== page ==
Wednesday, March 21, 2012

DIY Yogurt

I grew up on home made yogurt, but (no offense, Mom) our home made yogurt was never my favorite . Since then I was relatively ambivalent towards the food in general until I discovered Greek style yogurt. The health benefits of Greek yogurt have been extolled far and wide, so I won't go into it here. Greek yogurt had me at the creamy texture and only improved when I tried honey yogurt (I eat it like ice cream). 

The high cost of Greek yogurt, plus my love of all things home made, led me to give home made yogurt a second chance. This method is a combination of several I discovered online. Do some research and figure out what works for you. And don't be intimidated, all you need is about an hour of time, 2 tablespoons of plain yogurt, and 2 quarts of milk. 

I started out with a make shift double boiler and a candy thermometer. 

You don't need anything fancy, just a thermometer that goes up to 180 degrees.   

Fill the bottom pot of the double boiler halfway with water. Put it on the stove and bring it to a boil. Since you have to boil the water anyway, you might as well sterilize your utensils. Put a 2 quart oven safe container and metal spoon directly in the water. Turn the inside pot of the double boiler upside down on top of the pot. The steam will sterilize your yogurt making gear and help ensure a creamy, tasty product by minimizing sources of contamination.

Once the water has boiled, remove your newly sterile equipment and turn the inside of your double boiler right side up. Pour 2 quarts of milk into your pot (I actually use powdered milk: 2 1/4 cups of powder to 2 quarts, a larger ratio for higher fat content).

Bring the milk above 180 degrees. It is not a big deal if you go above 180, but you must hit 180 to denature the milk proteins and prime them for yogurt culturing. 

Meanwhile, bring 2 tablespoons of plain non-fat yogurt to room temperature. For best results, buy a yogurt starter with active cultures and no pectin. Yogurt with pectin will result in a slightly slimy texture for your first few yogurt batches.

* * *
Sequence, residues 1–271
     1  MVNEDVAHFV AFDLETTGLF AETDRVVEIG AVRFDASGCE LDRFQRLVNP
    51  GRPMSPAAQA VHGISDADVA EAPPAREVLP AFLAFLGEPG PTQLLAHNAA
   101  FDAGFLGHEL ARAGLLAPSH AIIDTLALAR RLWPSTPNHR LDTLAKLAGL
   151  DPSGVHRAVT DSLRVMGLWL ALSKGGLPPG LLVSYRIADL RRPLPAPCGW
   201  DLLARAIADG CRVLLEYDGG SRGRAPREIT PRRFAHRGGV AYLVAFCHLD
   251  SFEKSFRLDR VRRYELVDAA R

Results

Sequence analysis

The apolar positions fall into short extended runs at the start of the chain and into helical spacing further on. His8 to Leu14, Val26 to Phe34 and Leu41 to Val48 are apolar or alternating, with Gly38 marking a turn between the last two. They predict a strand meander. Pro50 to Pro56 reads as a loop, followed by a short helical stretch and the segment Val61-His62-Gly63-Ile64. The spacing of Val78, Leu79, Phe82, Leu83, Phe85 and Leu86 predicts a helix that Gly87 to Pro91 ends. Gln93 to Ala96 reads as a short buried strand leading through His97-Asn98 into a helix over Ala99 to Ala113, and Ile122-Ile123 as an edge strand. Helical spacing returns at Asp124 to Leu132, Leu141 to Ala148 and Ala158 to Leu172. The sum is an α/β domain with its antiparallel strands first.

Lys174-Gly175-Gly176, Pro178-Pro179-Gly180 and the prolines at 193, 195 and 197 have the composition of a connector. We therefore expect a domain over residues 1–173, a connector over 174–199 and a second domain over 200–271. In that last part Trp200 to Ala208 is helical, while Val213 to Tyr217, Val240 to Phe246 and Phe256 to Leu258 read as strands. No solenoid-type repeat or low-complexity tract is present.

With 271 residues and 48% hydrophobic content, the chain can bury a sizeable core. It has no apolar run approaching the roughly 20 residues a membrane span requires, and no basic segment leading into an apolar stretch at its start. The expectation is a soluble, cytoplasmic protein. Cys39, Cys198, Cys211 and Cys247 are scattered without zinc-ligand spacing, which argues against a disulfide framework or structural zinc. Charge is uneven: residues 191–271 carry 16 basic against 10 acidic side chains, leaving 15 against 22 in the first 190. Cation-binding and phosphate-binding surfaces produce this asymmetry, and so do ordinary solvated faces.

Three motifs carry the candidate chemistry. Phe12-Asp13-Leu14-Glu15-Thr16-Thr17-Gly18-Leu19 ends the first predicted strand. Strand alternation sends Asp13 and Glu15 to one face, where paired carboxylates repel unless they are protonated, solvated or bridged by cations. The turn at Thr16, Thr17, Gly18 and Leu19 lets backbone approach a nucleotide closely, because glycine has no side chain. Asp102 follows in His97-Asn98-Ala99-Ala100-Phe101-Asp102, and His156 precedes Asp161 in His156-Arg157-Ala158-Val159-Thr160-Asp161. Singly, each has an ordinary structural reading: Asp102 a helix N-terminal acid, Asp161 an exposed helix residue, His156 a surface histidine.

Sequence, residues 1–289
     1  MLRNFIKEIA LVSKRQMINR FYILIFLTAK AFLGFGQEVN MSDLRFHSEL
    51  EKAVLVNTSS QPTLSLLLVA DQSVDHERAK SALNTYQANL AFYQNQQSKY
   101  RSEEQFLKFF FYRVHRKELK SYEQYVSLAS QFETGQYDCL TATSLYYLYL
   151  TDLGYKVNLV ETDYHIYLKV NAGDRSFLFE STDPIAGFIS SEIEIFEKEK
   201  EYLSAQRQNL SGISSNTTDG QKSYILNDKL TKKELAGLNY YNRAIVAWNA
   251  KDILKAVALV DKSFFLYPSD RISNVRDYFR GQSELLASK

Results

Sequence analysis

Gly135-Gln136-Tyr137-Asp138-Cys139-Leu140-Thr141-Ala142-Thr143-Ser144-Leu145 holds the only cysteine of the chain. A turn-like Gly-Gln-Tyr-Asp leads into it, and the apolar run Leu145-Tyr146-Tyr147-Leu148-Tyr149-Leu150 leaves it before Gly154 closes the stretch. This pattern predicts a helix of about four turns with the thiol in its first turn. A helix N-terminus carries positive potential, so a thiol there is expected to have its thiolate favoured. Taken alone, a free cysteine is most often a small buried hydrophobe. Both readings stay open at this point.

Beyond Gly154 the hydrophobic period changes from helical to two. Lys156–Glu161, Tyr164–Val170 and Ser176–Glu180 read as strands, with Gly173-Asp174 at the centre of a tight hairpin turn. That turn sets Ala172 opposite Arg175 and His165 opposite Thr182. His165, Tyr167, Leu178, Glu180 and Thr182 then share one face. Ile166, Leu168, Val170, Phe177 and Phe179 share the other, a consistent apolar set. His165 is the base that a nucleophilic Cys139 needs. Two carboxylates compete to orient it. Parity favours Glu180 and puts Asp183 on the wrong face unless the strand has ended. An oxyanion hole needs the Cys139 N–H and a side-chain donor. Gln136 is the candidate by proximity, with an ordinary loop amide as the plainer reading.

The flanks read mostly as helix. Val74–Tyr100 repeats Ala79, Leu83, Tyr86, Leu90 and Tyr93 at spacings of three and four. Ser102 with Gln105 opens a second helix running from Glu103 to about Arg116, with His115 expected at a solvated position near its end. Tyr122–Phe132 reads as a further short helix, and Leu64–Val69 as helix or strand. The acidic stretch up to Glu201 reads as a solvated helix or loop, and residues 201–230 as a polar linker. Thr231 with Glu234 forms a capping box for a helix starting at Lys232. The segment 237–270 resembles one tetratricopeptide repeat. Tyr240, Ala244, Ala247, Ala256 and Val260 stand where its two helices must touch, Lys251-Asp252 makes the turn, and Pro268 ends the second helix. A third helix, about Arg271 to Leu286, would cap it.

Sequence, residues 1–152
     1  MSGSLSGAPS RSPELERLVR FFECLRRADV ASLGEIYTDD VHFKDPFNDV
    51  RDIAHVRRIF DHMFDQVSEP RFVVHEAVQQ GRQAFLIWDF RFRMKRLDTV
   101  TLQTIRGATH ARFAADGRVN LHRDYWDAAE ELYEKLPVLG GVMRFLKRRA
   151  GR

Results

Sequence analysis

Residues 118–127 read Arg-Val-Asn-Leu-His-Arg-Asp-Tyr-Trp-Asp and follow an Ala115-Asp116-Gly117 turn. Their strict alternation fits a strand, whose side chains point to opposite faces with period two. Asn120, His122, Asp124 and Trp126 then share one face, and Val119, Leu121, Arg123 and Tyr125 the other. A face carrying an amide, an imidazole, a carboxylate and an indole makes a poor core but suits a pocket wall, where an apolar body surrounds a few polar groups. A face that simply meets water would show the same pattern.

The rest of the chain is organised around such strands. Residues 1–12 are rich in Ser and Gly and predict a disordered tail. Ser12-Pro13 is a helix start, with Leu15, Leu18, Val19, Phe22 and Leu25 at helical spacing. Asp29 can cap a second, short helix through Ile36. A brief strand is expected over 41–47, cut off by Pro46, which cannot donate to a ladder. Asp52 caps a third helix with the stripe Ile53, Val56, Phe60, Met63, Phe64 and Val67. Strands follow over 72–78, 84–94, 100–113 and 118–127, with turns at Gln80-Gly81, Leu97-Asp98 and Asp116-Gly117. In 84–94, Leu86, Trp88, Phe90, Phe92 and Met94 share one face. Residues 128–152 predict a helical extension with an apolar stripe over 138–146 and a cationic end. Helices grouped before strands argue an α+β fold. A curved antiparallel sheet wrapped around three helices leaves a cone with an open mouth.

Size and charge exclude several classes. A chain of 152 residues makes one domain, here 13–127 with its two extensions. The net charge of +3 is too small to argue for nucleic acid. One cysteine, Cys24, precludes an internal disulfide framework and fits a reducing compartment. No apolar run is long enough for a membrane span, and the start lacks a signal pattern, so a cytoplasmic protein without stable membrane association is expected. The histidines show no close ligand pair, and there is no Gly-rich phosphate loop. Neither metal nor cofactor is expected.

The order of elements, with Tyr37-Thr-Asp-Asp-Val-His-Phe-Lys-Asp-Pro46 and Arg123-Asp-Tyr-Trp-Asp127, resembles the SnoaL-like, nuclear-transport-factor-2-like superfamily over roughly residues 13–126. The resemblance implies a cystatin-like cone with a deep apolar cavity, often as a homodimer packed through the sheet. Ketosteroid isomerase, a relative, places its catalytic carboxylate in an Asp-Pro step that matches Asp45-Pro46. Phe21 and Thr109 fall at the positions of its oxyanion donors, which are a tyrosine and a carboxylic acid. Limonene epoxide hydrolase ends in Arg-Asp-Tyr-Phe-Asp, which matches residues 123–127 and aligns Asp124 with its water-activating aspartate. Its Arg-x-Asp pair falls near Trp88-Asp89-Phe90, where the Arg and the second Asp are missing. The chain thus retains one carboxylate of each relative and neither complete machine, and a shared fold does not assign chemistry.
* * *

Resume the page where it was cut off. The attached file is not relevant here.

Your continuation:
When your milk reaches 180 degrees, take it off the heat and let it cool to 110 degrees. 110 is the ideal incubation temperature for yogurt bacteria, so you do not want the milk temperature to dip below 110. The rate of cooling doesn't matter, but for expediency I typically surround the pot of milk with ice packs. 

Pour the milk into your oven safe bowl, mix in your yogurt starter. I also like to add another 1/2 cup of milk powder for extra creaminess, but that is a personal preference. 

Cover the bowl with tin foil and incubate yogurt mixture at 110 degrees for 8-12 hours.  I use the pilot light in my gas oven to maintain the temperature, but according to my internet research any of the following will work:

1) A crockpot, filled with water, on low.
2) Make the yogurt in a thermos.
3) Place the bowl in your hot water heater closet.
4) Use an electric blanket

Try not to disturb the yogurt while it is incubating. After 8 hours (ish) it will have solidified. 

You could call it a day there, but I like to strain it for an hour for a more Greek style texture. 

With the exception of one mishap that resulted in ricotta cheese (hello happy accident!), I have been very pleased with the texture and taste of my yogurt making endeavors. Overall, it is very little hands on time and it is much cheaper than buying Greek yogurt. I set aside a couple of tablespoons of each batch to act as the starter for the next batch.  Or share some of your yogurt and start a trend akin to Amish friendship bread.

Good luck!

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  1. Oh no... I hate to say it, but I'm intimidated! Thanks for sharing, though. Maybe someday I'll work up the guts to give this one a try :)

  2. Catie, You of anyone should be able to do it. Its two perfect things: food and biology! Just think of it as a genetics experiment:) I expect good lab notes.